Can drinking red wine burn fat?

Can drinking red wine burn fat?

Could drinking a glass of red wine with dinner actually be beneficial for you? Some studies have shown that drinking red wine can help improve cardiovascular health and memory loss, but a new study finds that drinking red wine or red grape juice, in moderation, can also help burn fat.

In the study, published in the Journal of Nutritional Biochemistry, researchers examined the human liver and fat cells that were grown in the lab and compared the fat cells to four natural chemicals found in Muscadine grapes.

The result, one chemical in particular, ellagic acid, proved to dramatically slow the growth of existing fat cells and helped to boost metabolism of fatty acids in the liver.

Neil Shay, a biochemist and molecular biologist was part of the research team.

“These plant chemicals are not a weight-loss miracle,” cautions Shay. “But by boosting the burning of fat, especially in the liver, they may improve liver function in overweight people.”

In order to better understand their findings, researchers tested overweight mice in a 10-week trial by supplementing their diet. The lab mice were categorized in three groups which fed them either a normal diet of “mouse chow,” extracts from Pinot Noir grapes or an unhealthy diet that contained high amounts of fat.

The mice that were fed the high fat diet quickly developed a fatty liver and diabetic symptoms. But the mice that were fed the extracts of Pinot Noir had surprisingly accumulated less fat in their liver and had lower blood sugar. The ellagic acid in the grapes was linked to lowering the mices’ blood sugar.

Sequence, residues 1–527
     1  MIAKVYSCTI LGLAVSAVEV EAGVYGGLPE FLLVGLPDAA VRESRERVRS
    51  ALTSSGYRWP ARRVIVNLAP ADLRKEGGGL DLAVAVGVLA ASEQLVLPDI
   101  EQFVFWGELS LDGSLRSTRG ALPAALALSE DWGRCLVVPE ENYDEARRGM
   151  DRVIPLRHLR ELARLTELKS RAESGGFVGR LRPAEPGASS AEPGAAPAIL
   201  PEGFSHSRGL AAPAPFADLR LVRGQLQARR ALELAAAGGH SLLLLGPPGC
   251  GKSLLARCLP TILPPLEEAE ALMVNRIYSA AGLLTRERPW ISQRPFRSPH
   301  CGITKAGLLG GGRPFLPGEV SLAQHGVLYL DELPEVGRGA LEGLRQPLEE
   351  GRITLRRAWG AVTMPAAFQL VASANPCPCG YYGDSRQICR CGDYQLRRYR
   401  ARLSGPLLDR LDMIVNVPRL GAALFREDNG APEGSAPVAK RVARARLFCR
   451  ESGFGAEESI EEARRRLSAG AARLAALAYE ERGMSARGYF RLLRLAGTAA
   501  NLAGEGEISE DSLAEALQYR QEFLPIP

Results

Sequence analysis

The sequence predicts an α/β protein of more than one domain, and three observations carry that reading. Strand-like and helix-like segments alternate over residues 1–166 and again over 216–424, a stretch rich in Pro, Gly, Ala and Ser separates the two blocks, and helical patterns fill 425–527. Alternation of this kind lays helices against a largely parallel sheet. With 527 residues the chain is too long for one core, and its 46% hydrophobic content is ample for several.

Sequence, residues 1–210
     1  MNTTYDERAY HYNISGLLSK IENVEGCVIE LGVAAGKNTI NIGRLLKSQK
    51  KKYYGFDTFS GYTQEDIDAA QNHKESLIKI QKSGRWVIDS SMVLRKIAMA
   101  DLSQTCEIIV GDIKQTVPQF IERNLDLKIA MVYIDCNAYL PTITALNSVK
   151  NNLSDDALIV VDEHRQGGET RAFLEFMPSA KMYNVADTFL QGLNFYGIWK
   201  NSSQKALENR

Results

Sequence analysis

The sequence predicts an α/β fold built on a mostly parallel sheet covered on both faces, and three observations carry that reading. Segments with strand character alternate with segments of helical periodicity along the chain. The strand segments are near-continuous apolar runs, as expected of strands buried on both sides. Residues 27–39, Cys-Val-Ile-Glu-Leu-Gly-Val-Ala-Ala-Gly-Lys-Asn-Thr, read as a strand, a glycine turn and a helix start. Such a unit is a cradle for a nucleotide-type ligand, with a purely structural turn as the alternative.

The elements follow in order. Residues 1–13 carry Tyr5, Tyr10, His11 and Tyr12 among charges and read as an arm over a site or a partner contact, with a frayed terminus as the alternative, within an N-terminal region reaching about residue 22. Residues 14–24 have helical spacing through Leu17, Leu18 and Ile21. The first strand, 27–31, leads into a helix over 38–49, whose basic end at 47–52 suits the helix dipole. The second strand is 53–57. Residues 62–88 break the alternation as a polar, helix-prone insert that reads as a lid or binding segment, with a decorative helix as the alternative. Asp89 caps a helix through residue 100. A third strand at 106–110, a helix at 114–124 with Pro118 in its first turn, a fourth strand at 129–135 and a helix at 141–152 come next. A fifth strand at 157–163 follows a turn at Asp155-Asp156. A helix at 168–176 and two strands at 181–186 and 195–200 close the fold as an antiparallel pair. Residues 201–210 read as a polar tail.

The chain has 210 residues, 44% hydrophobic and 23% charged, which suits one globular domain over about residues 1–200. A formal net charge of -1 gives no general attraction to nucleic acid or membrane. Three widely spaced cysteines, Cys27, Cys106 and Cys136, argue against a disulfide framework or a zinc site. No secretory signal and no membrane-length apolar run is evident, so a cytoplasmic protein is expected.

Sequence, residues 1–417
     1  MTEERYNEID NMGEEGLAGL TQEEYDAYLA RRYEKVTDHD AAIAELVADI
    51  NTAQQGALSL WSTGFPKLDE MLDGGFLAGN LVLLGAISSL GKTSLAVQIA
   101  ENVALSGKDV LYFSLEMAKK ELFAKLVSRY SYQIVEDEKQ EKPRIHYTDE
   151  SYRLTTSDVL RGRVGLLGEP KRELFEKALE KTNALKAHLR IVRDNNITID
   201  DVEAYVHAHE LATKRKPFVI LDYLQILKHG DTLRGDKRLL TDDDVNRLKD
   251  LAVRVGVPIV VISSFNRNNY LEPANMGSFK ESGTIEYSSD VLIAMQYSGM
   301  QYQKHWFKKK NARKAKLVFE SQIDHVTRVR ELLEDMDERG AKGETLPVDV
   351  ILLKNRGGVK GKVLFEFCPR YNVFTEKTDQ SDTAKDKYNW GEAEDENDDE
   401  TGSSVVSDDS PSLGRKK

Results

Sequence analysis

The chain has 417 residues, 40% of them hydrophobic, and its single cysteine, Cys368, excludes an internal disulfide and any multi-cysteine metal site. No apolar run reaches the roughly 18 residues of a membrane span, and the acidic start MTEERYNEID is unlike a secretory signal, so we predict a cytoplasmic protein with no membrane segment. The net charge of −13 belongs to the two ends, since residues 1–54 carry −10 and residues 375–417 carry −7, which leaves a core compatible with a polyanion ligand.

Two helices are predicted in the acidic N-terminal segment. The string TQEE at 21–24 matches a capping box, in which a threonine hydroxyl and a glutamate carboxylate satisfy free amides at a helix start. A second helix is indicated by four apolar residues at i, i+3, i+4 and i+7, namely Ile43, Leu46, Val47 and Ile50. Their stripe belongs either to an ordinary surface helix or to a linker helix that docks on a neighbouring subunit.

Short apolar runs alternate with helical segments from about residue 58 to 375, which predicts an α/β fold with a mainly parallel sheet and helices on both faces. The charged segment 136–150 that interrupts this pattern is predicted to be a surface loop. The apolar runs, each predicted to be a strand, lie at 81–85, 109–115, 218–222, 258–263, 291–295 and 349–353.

Medical experts do warn that you shouldn’t make a mad dash to your local liquor store and start consuming lots of red wine in order to shed a few extra pounds.

Dr. Jennifer DeBruler an Advocate Medical Group physician practicing at Advocate Condell Medical Center in Libertyville, Ill urges caution.

“Drinking alcohol is ok only in moderation,” says DeBruler. “Fatty liver is seen in patients who suffer from metabolic disorders where fat accumulates in the liver and leads to cirrhosis.”

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  1. There are pro’s and con’s to drinking red wine, but more research needs to be done to fully understand the matter. As always, moderation is key.

  2. Judith A. Carlson February 10, 2015 at 12:08 pm · Reply

    I do not like most red wines, only the sweet ones. So I guess if grape juice does the same then the sweet wines should also be okay. But I agree with Jim – there’s much more research to be done and moderation is, indeed, the key.

  3. Nice article Linnea. I appreciate as I enjoy a good glass of red wine once in a while.

  4. Lets test this on real humans–not mice or human liver/fat cells grown in a lab!!

  5. Thanks Lisa!

  6. Such an interesting post! I think I’ll drink more red wine now!

  7. This kind of reporting on one study or a few about foods and drinks is what causes confusion for people. Its all about eating and drinking foods in moderation and variety to give us all our bodies need. Less on studies please.Less on bad or good foods-none are a miracle cure!

  8. Articles like these confuse people. We need to focus on eating and drinking in moderation and in variety. We need to stop highlighting a food as a possible cure rather than focus on other ideas about how people eat. One, two or several studies do not constitute making a change in our diet.

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health enews Staff
health enews Staff

health enews staff is a group of experienced writers from our Advocate Aurora Health sites, which also includes freelance or intern writers.